Hiding in plain sight?
One person alone?
Jim Watkins, left, and his son, Ron Watkins, in the HBO documentary “Q: Into the Storm.” (HBO)
Most major QAnon researchers have long speculated that Watkins had written many of the false and cryptic posts alleging that former president Donald Trump was waging war against an elite international cabal of Satan-worshipping pedophiles. Watkins has long denied his involvement, saying he was merely a neutral backroom operator of the site and never a participant.
But in the Sunday finale for the HBO series “Q: Into the Storm,” filmmaker Cullen Hoback points to what he argues is a key piece of evidence that Watkins had lied about his role in the more than 4,000 messages Q had posted since 2017….
To Hoback, it was an inadvertent admission that Watkins had actually been Q, crafting secret communiques and shaping the movement for “normies,” or normal people, to consume. But in the scene, Watkins smiled and cleared his throat, seeking to correct — or further muddy — the record: “Never as Q. I promise. I am not Q.”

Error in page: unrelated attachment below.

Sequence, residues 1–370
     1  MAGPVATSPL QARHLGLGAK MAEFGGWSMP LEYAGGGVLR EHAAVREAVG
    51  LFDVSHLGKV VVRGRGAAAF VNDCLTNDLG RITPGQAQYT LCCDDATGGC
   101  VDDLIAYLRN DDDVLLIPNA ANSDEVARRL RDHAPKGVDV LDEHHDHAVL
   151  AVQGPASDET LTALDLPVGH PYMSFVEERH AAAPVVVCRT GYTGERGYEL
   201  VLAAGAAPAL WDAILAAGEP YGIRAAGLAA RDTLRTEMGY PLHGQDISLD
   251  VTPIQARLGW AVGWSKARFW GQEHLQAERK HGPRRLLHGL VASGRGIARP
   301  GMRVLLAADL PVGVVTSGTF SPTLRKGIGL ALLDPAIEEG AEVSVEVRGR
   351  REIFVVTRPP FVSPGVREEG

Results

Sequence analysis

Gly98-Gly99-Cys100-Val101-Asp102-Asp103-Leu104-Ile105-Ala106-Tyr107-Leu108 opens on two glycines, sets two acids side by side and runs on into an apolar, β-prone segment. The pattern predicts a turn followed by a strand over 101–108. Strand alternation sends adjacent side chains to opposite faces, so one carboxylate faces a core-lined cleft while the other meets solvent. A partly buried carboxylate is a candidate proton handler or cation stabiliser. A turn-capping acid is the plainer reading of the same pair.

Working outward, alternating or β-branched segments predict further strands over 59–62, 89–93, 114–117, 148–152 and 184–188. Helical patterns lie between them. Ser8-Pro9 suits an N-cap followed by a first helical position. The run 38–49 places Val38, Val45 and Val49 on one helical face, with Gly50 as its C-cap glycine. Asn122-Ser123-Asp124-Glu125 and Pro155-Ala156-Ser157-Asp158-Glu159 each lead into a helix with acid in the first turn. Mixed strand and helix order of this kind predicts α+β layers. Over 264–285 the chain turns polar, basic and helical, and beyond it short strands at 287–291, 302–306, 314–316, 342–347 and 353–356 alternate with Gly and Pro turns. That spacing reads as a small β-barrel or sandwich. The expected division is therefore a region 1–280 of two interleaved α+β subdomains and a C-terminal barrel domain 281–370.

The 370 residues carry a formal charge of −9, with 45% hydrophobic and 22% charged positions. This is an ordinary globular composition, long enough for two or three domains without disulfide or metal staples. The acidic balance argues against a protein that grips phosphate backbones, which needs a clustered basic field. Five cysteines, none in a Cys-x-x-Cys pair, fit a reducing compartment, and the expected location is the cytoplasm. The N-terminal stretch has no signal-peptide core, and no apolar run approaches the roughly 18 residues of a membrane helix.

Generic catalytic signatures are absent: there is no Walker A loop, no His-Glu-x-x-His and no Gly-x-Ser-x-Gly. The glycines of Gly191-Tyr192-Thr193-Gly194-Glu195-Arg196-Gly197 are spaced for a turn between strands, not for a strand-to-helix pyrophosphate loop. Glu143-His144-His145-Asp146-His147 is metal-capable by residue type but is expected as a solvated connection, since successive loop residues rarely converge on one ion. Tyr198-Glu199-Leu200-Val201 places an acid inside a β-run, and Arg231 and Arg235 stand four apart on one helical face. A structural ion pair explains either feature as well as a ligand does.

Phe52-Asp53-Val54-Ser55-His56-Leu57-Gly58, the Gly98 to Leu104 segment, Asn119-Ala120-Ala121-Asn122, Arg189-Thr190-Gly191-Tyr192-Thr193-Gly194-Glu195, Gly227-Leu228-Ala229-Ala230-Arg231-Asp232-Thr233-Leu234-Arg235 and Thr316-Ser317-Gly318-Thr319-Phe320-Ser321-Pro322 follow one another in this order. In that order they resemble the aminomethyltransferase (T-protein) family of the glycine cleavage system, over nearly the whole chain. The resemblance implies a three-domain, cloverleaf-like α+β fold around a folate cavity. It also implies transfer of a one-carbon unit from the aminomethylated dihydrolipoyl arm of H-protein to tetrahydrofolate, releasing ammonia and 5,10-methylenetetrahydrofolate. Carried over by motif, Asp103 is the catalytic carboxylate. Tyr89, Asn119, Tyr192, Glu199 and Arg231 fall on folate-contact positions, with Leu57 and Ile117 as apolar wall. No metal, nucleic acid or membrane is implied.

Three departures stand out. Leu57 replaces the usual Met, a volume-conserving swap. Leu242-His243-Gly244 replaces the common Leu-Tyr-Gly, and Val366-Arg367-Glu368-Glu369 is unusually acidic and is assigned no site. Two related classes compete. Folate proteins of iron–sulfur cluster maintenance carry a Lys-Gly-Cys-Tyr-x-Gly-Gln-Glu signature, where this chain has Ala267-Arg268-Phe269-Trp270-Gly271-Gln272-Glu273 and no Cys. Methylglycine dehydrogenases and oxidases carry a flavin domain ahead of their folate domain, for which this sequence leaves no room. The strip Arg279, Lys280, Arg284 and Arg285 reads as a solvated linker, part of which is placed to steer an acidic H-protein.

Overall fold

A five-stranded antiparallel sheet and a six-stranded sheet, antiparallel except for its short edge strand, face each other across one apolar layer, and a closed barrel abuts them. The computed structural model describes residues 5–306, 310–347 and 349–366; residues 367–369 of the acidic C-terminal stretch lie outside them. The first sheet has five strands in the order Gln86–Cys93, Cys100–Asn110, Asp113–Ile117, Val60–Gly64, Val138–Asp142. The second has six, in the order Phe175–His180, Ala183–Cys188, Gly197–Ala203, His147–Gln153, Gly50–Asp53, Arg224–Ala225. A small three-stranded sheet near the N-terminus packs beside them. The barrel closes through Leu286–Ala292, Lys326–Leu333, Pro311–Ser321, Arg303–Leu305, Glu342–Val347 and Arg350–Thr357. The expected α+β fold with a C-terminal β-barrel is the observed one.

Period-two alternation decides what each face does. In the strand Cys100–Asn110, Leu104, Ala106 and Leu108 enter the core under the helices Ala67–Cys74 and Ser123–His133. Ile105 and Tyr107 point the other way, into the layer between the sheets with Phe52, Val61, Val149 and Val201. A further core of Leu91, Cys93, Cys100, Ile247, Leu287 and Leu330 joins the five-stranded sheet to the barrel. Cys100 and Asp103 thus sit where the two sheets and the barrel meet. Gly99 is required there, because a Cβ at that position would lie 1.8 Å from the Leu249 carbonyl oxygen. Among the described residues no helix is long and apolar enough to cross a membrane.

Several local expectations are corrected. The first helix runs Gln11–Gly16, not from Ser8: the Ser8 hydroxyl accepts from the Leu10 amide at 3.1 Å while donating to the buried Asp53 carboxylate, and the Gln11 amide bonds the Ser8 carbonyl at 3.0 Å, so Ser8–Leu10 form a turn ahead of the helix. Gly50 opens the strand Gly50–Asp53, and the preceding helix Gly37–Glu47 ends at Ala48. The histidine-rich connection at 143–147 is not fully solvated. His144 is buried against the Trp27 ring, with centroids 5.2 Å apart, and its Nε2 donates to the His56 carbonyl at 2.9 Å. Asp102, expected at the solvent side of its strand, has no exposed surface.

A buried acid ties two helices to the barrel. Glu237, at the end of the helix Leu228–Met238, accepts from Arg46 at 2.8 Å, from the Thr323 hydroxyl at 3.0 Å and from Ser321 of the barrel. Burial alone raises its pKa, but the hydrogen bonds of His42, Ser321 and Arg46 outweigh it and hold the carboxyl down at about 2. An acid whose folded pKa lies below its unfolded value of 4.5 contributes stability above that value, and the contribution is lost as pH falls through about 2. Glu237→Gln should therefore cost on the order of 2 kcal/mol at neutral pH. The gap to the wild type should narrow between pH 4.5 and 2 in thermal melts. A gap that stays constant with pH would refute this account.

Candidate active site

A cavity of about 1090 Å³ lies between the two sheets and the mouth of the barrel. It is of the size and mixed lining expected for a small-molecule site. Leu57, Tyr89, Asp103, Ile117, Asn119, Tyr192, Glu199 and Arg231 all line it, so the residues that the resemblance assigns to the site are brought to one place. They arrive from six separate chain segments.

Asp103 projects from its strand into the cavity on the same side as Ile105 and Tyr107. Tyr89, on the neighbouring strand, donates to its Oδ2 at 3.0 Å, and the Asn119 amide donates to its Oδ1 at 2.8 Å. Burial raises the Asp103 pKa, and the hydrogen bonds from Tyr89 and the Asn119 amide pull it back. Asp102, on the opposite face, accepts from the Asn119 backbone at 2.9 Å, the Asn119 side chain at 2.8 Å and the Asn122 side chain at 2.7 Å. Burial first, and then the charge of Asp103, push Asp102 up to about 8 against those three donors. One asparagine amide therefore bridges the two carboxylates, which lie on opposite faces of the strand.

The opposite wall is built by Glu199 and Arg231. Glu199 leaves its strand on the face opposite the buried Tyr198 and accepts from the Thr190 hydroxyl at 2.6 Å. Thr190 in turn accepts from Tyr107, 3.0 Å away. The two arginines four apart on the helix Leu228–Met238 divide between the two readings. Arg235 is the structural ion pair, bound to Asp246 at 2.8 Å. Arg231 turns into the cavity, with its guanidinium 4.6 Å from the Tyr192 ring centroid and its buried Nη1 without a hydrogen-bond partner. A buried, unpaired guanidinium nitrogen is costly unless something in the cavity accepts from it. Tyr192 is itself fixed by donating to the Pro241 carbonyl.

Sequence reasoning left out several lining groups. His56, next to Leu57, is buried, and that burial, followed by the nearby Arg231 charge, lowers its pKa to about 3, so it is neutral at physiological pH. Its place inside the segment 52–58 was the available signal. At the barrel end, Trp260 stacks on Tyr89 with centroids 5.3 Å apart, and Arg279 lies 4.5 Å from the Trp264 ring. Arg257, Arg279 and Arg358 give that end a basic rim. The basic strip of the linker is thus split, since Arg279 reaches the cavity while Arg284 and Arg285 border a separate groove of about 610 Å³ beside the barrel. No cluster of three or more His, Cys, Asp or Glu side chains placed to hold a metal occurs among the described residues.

The evidence is circumstantial, and no proof affirms Watkins’s role. Watkins, for his part, messaged his 150,000 subscribers on the chat service Telegram late Sunday, “Friendly reminder: I am not Q. Have a good weekend.”…
It was also unclear why such an elite strategic mastermind — with a prized view into the engine of Trump’s secretive war — would trust only a father-son duo, living in the Philippines, whose main claim to fame was a crude website of hate speech, pornography and extremist memes.
For some researchers, the admission does not resolve all lingering questions about Q. Some argue persuasively that, while Ron Watkins probably knows who is behind QAnon, the account could be driven by more than one person, or a team of writers crafting messages for public display….